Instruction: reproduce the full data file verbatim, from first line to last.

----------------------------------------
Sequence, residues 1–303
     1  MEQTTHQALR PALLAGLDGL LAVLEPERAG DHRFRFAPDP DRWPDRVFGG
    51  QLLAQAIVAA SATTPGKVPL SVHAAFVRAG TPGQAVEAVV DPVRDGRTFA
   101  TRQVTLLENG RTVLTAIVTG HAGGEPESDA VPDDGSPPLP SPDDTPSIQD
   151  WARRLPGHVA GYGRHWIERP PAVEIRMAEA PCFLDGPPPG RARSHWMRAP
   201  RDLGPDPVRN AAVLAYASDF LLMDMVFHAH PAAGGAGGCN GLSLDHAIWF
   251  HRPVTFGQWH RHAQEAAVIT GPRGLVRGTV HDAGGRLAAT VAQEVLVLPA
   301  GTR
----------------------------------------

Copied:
Sequence, residues 1–303
     1  MEQTTHQALR PALLAGLDGL LAVLEPERAG DHRFRFAPDP DRWPDRVFGG
    51  QLLAQAIVAA SATTPGKVPL SVHAAFVRAG TPGQAVEAVV DPVRDGRTFA
   101  TRQVTLLENG RTVLTAIVTG HAGGEPESDA VPDDGSPPLP SPDDTPSIQD
   151  WARRLPGHVA GYGRHWIERP PAVEIRMAEA PCFLDGPPPG RARSHWMRAP
   201  RDLGPDPVRN AAVLAYASDF LLMDMVFHAH PAAGGAGGCN GLSLDHAIWF
   251  HRPVTFGQWH RHAQEAAVIT GPRGLVRGTV HDAGGRLAAT VAQEVLVLPA
   301  GTR